Meanwhile, his mother and 8-year-old sister Lusia had been rounded up, along with over 500 other people, and were locked in the synagogue for two weeks. On Sunday, December 20, 1942, they were all taken out and shot; 53 of the remaining Jews, including two of Helfgott’s uncles, were marched to the cemetery and shot in the back of the head. The ghetto was finally liquidated in July 1943, and in
November 1944, Helfgott, and later his father, still in the ghetto, were deported to a labor camp that manufactured army tents, and then to the Buchenwald concentration camp. At the same time, his younger sister Mala was sent to Ravensbruck, a camp for women, and later to the infamous Bergen-Belsen camp.
Ben and his father were due to be sent as slave laborers to the Schlieben concentration camp, in an eastern German town where antitank weapons were being manufactured.
“My number was 94790 and my father was 94830,” Ben recalls. “My number was called out and I was told to move away. My father’s number was not read out and I tried to run to him, but was stopped by the SS guards. I never saw him again. I was later told by a survivor that their group was sent on a death march on the way to Theresienstadt and my father was shot down while trying to escape.”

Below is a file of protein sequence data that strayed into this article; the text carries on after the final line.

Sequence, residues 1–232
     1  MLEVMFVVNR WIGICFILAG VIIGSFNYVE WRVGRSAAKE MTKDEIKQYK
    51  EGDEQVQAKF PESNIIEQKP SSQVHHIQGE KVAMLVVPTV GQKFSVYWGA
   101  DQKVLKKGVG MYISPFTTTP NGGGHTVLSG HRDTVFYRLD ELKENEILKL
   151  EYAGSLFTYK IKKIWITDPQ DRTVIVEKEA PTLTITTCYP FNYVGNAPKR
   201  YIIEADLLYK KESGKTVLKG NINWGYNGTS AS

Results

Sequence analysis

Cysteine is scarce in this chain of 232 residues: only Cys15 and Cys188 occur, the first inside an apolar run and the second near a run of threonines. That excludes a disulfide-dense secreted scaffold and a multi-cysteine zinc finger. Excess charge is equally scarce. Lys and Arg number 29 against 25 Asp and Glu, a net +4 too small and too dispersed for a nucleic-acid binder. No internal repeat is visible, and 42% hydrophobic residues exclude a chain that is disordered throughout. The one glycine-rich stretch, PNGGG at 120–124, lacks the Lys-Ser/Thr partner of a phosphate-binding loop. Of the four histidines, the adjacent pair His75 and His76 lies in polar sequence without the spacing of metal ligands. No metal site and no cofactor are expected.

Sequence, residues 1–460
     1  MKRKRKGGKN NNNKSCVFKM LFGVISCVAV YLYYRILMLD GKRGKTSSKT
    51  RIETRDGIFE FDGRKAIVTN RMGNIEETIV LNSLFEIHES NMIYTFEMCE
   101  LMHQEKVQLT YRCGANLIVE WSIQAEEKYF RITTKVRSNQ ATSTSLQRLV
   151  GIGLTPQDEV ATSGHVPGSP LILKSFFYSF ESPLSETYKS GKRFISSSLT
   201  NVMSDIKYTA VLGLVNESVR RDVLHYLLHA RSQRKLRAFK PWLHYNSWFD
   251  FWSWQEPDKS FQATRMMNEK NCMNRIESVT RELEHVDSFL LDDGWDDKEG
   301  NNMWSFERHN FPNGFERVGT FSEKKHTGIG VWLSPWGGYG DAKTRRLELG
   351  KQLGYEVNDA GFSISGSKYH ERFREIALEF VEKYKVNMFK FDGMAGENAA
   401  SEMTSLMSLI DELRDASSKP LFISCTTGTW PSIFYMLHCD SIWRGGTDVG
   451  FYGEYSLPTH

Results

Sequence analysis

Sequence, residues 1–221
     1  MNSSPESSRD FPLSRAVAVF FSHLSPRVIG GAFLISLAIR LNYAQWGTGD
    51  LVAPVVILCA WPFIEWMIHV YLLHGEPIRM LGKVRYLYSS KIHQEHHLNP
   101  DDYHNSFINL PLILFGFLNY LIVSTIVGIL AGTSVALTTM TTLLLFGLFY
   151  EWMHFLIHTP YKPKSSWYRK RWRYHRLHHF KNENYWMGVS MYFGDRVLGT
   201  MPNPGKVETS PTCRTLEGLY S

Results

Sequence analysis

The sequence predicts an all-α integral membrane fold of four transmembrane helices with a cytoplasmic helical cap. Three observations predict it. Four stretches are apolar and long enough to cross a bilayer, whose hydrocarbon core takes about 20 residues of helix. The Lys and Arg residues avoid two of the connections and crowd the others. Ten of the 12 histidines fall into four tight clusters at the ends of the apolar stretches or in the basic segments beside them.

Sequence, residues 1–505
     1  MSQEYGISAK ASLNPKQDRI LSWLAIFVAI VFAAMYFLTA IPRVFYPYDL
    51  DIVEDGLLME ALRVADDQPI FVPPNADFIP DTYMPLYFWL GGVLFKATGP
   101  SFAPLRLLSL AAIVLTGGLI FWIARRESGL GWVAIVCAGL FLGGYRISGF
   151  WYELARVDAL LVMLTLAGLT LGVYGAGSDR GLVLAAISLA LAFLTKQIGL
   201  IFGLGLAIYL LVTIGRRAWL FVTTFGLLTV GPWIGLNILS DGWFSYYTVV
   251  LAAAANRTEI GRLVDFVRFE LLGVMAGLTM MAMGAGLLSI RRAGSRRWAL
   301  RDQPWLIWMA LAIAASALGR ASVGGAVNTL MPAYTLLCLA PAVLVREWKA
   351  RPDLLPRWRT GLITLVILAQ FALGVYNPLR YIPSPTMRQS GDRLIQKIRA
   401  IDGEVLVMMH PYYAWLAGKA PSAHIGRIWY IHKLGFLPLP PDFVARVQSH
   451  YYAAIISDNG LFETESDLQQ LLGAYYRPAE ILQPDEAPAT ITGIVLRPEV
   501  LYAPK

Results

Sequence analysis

The conditions at Schlieben were the most difficult he had experienced. “Hunger was overpowering,” he says. “Brothers, fathers and sons would fight over a morsel of bread. People aged 18 to 30 were working all day on 200 calories, and they were the first to die of hunger and exhaustion. Two people slept on wooden planks measuring less than a meter long. We wore the same clothes for five months and were filthy, skeletal, lice-ridden and in rags.”